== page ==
Letter from Douglas Hudson in Médéa to parents

EHudsonJDHudson(Fam)410515-010001.jpg
EHudsonJDHudson(Fam)410515-010002.jpg

Title

Letter from Douglas Hudson in Médéa to parents

Description

Writes of mail received and that he is happy they are now settled as constant moving made addressing letters to them difficult. Writes that he has been walking in local countryside and about the weather which is still quite cool as he has only just got back into shorts.

Publisher

IBCC Digital Archive

Date

1941-05-15

Contributor

Tricia Marshall
David Bloomfield

Rights

This content is available under a CC BY-NC 4.0 International license (Creative Commons Attribution-NonCommercial 4.0). It has been published ‘as is’ and may contain inaccuracies or culturally inappropriate references that do not necessarily reflect the official policy or position of the University of Lincoln or the International Bomber Command Centre. For more information, visit https://creativecommons.org/licenses/by-nc/4.0/ and https://ibccdigitalarchive.lincoln.ac.uk/omeka/legal.

Format

Two page handwritten letter

Language

Identifier

EHudsonJDHudson(Fam)410515-010001, EHudsonJDHudson(Fam)410515-010002

Temporal Coverage

Transcription

R.A.F. 755052. Sgt. Chef. J. D. Hudson.
Camp de Liberté Surveillé.
Hotel d’Orient.
Médéa. Algerie.
Afrique du Nord.
15-5-41
My Dear Mother & Dad,
I have not received any more letters from you since I last wrote three or four days ago. I then acknowledged receipt of four which arrived together dated Feb 23rd Mar. 2nd, April 11th & 14th, the last two came via Air Mail, which just shows the amount of time gained. I was also very pleased to receive your cable, in reply to mine, giving your change of address as well. I do hope that you will be settled now in your new home & that things will finally turn out to be much better. Writing to you now will make the fourth different address to which I have sent letters since March. The cable service is a very valuable link between England, I only wish I was able to afford to cable you regularly, but this is definitely a case of cutting the suit etc. I believe the Air Mail service from England to Alger [sic] is very good, people have already received letters in reply to their cable sent upon arrival here, namely in 2 weeks. I wish we had a speedier service to England, but I am hoping that these letters will be much quicker to you than those sent in the past from Kef. There is very little I can tell you, by necessity my style is cramped in all these letters, but I can continue to say that I hope you are keeping safe & well. I expect that summer will be
[page break]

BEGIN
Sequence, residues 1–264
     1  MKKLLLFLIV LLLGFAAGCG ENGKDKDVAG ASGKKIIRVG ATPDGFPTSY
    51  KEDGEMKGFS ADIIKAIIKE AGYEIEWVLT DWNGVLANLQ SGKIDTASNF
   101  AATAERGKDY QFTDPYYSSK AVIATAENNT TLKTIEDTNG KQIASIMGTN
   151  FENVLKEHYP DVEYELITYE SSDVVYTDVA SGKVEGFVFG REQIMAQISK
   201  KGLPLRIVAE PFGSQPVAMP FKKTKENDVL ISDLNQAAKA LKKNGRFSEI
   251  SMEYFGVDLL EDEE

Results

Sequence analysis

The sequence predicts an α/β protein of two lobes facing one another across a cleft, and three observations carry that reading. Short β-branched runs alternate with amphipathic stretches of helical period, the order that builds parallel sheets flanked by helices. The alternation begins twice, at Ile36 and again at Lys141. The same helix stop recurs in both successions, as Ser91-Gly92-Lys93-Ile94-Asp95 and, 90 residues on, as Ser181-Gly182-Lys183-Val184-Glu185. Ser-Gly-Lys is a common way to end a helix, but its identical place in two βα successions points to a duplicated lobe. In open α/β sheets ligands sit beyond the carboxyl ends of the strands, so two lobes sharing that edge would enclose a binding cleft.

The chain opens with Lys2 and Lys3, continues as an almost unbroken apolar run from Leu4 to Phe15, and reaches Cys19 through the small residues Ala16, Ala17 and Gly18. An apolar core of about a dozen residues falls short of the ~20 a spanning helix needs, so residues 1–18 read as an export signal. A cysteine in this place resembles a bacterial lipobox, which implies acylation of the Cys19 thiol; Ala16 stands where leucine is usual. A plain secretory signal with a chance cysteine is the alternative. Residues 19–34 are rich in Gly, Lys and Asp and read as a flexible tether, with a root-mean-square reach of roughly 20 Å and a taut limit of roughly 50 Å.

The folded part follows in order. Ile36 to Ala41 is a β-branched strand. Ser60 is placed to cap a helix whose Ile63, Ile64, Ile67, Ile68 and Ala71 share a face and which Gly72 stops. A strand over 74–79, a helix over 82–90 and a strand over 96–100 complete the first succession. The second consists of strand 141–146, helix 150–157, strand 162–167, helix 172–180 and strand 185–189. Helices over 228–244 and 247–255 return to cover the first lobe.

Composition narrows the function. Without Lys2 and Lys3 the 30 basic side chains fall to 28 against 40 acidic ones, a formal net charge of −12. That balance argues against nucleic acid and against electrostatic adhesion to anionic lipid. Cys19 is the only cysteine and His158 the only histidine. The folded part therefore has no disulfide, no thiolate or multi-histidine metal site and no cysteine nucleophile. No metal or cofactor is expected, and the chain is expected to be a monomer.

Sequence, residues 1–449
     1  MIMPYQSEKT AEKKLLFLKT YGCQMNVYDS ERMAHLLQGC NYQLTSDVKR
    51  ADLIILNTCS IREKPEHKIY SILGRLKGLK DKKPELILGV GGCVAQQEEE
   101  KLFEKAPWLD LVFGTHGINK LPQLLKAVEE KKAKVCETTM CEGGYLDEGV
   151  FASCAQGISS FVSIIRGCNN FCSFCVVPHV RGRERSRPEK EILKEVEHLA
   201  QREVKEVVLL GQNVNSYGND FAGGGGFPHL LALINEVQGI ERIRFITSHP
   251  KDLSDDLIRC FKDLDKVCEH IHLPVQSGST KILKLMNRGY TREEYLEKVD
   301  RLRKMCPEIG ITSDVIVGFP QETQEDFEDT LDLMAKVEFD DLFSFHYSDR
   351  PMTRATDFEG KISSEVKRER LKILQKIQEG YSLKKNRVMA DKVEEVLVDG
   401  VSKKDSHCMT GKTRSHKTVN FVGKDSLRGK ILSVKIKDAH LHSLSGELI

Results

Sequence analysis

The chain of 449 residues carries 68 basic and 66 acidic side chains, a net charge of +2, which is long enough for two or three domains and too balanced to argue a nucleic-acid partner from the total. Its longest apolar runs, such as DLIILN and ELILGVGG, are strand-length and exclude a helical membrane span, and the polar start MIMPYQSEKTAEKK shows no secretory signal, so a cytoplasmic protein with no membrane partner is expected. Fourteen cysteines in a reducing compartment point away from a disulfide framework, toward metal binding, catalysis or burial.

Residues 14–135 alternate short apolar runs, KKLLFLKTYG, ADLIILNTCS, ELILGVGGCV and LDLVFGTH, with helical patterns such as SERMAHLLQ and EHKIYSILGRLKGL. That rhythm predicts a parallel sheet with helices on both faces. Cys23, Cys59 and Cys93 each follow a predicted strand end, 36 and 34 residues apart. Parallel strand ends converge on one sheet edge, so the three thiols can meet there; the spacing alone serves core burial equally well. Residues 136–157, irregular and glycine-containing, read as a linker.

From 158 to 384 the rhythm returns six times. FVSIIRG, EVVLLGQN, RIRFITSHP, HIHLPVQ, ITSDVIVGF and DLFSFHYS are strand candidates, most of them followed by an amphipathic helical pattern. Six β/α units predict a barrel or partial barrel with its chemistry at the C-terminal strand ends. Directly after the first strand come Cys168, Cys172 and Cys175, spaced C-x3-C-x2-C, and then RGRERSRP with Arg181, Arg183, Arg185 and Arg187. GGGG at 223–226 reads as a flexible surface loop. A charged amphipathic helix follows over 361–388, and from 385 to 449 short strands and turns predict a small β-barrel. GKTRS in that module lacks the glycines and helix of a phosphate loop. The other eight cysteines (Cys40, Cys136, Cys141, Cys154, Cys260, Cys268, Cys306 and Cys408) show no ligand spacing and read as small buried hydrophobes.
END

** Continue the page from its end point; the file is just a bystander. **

on its way in England. It has been remarkably slow here, & not until yesterday did I get back into shorts. In the evenings it gets very cold, but yesterday was very pleasant not too warm & fortunately at this time of the year no flies. The last two or three days I have done a little walking & have been amazed to see so much on the mountain lanes resembling the English countryside. Hawthorn in bloom, blackberry bushes, wild roses, daisies buttercups etc, not to mention a host of other wild flowers very brightly coloured not to be found in England. Then of course there are the vines, figs, cherries etc. Have not seen any oranges or lemons here, but there were plenty en route from Tunis. This place is much richer agriculturally than Tunisia & we can get fresh milk here, because the cattle are well fed. Broad beans are figuring in the Arab market at ridiculous prices, about 1d a lb. & yet we never get them here. Probably too much trouble to shell. It is stupid. I wonder all this time how you are going on in England. You are not very far from Skipton & perhaps you will visit there occasionally, & renew some old acquaintances. There is no need for me to keep saying what I would give to be back in England. You cannot realise how tired we all are of this “isolation” & what we feel inside is indescribable. Who am I to talk of broad beans normally? Anyway, I suppose we cannot all be as lucky as Hess. What my outlook will be like when I get back - God knows. How but, I must say “au revoir” now. With all my best wishes for your future, & until the day when the Mediterranean is on the other side of me (an awkword [sic] strip of water that).
All my love
[underlined] Douglas [/underlined]

Collection

Citation

James Douglas Hudson, “Letter from Douglas Hudson in Médéa to parents,” IBCC Digital Archive, accessed October 26, 2020, https://ibccdigitalarchive.lincoln.ac.uk/omeka/collections/document/10883.

Item Relations

This item has no relations.

Can you help improve this description?